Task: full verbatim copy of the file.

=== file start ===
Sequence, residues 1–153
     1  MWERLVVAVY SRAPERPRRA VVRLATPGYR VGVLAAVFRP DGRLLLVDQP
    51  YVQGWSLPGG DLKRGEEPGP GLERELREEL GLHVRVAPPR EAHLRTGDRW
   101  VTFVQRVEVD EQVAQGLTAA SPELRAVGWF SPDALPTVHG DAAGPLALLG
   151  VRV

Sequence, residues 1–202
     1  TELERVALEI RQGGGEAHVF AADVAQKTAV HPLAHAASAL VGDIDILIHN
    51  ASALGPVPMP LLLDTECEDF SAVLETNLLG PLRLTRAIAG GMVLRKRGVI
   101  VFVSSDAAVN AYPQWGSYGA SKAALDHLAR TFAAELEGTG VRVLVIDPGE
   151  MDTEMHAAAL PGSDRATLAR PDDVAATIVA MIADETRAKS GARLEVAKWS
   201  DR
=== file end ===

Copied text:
Sequence, residues 1–153
     1  MWERLVVAVY SRAPERPRRA VVRLATPGYR VGVLAAVFRP DGRLLLVDQP
    51  YVQGWSLPGG DLKRGEEPGP GLERELREEL GLHVRVAPPR EAHLRTGDRW
   101  VTFVQRVEVD EQVAQGLTAA SPELRAVGWF SPDALPTVHG DAAGPLALLG
   151  VRV

Sequence, residues 1–202
     1  TELERVALEI RQGGGEAHVF AADVAQKTAV HPLAHAASAL VGDIDILIHN
    51  ASALGPVPMP LLLDTECEDF SAVLETNLLG PLRLTRAIAG GMVLRKRGVI
   101  VFVSSDAAVN AYPQWGSYGA SKAALDHLAR TFAAELEGTG VRVLVIDPGE
   151  MDTEMHAAAL PGSDRATLAR PDDVAATIVA MIADETRAKS GARLEVAKWS
   201  DR